There are many types of bank accounts that students will find useful in the coming years. We’ve already discussed savings plans specifically for college in another article, so this is an overview of some other basic financial accounts. Keep in mind, most of these accounts are Government-insured, meaning the first $250,000 of an individual’s total deposits are protected against a bank/credit union failure through the FDIC (Federal Deposit Insurance Corporation) for banks or NCUA (National Credit Union Administration) for credit unions.
What is a checking account?
- A credit union of bank account in to which you deposit money with the intention of using it to pay bills or for expenses in the short-term
- Can be interest-bearing, which means you earn interest on the balance. Interest paid on checking accounts is often lower than interest paid on a savings account. Be sure to read the fine print because sometimes checking accounts do not pay interest at all.
- Used to pay bills or obtain cash
- By check — a form instructing the bank/credit union whom to pay, and how much
- By online payment — basically an electronic check
- By ATM — Automated Teller Machines allow you to withdraw from or deposit money to your account
- Often come with a debit card, which can be used to pay for purchases or to withdraw cash from ATMs, in either use, the money immediately is withdrawn from your account
- It’s important to know that fees are charged if checks are written for amounts larger than the available balance in a checking account.
What is a savings account?
- An account offered by a credit union or bank into which you deposit money usually with the intention of not using it in the very near future.
- Compound interest allows you to earn interest on interest and increase your savings
- Compound interest is calculated daily (or sometimes monthly or quarterly), so you earn interest on your interest. Compound interest is more favorable than simple interest.
- Simple interest pays one interest payment based on the amount you invest and usually ends up being less than compound interest.
- Many credit unions and banks permit their customers to link their savings and checking accounts for “overdraft” protection. This means if you write a check for an amount in excess of the amount in your checking account, the credit union or bank will automatically transfer the amount necessary to pay the check.
What is a money market account?
- A bank or credit union account into which you deposit money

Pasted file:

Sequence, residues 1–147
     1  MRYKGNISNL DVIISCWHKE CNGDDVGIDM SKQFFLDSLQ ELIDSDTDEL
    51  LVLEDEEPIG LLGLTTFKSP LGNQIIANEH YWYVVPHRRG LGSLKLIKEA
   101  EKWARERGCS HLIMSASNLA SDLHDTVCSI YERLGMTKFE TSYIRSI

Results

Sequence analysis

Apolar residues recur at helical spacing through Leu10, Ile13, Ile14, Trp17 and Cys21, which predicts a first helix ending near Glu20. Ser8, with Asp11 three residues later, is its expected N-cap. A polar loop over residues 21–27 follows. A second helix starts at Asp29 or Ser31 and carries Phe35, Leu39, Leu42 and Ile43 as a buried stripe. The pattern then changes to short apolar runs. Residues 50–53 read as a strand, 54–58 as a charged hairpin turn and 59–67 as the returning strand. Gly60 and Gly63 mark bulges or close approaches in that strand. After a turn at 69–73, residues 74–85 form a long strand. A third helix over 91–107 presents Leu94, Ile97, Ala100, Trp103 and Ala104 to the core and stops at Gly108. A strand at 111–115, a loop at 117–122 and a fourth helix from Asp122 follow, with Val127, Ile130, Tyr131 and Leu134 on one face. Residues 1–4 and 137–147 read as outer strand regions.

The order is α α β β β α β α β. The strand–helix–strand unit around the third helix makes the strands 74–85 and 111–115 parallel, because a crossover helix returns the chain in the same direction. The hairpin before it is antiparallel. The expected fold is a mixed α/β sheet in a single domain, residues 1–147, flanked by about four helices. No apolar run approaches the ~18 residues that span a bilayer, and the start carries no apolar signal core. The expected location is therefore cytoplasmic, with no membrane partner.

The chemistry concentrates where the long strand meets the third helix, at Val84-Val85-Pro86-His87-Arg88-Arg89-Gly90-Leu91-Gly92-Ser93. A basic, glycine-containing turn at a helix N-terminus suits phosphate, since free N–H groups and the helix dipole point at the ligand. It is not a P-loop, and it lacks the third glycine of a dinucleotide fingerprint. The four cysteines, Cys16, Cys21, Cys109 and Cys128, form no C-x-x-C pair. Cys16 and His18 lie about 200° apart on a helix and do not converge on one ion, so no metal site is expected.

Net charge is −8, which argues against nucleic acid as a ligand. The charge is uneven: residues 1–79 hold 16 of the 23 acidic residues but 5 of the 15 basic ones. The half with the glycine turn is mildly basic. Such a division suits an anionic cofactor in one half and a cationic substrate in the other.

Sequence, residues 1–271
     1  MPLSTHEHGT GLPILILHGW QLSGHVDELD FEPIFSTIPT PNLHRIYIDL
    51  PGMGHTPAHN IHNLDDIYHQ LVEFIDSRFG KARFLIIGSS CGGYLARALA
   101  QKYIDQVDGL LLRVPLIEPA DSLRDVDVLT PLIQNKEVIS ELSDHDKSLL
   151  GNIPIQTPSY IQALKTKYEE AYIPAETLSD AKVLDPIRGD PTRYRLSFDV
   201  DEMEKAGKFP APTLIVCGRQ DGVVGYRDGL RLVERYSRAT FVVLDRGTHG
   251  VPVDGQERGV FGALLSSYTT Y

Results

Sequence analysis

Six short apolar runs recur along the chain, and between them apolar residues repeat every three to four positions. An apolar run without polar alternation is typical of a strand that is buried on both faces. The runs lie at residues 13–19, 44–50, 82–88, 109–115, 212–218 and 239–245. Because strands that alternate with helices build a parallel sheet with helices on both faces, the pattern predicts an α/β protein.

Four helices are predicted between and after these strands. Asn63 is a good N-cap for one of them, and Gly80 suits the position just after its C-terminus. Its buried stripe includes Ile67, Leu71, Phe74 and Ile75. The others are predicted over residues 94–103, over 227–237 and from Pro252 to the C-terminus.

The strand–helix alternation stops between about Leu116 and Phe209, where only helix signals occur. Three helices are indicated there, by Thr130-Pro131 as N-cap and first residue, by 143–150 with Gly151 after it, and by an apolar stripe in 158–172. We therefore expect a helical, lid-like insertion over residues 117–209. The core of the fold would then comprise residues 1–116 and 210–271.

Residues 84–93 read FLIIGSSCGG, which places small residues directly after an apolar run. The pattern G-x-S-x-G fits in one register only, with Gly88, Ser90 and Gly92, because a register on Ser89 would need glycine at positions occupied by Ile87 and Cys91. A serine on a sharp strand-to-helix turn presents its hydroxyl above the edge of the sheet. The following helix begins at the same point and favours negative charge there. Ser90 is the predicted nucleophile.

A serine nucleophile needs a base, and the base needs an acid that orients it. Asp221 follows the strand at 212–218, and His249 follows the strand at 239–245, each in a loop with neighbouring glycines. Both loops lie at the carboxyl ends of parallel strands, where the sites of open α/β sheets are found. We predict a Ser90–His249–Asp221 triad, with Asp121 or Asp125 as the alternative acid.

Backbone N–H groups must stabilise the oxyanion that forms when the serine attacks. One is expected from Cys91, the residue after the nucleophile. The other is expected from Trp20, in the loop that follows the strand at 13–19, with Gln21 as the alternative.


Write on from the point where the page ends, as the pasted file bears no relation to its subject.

- Similar to a savings account, but usually pay a higher interest rate
- Some offer limited check-writing ability
- Some offer debit-card access to your money
- Usually requires a large minimum balance at all times, often thousands of dollars
- Limited number of withdrawals per month, including check and debit-card transactions (a maximum of six per federal rules, but some banks/credit unions allow even fewer)
What is a CD?
- CDs (certificates of deposit) are issued by credit union or a bank in exchange for money deposited
- Pays you a certain amount of interest until a specific date, known as the maturity date
- Typical maturity dates are three months, six months, one year, or five years
- Generally, pay interest rates greater than savings accounts, usually with more interest paid for longer-term maturities
- The credit union or bank will charge a penalty if you must redeem a CD before maturity
- May be government-insured: Some higher-yielding CD’s may be offered without insurance
What is a U.S. savings bond?
- U.S. government-issued investment, Series EE savings bonds are somewhat like a CD
- Issued electronically, held in a U.S. Treasury account for you
- Formerly issued on paper (paper bond sales ended Dec. 31, 2011, but such bonds are still redeemable, so don’t worry if someone bought one for you as a child)
- New savings bonds can be purchased at any value (to the penny) from $25 to $10,000
- Earn interest for up to 30 years, and may be cashed in after one year (but if held for less than five years, three months’ interest is lost)
- Interest for Series EE bonds purchased since May 2005 is added monthly and compounded semiannually
- Different rules apply for Series EE bonds issued in April 2005 and earlier
- Interest from Series EE bonds is exempt from state and local income taxes
- May have federal income tax benefits if redeemed to pay for higher education
Important considerations when choosing the type of account that will work best for you include:
- What you will likely use the account for: short-term spending or investing
- Your investment time horizon
- The interest rate you will receive for your deposit
- Any penalties or fee for early withdrawal or not having enough cash in the account to cover a check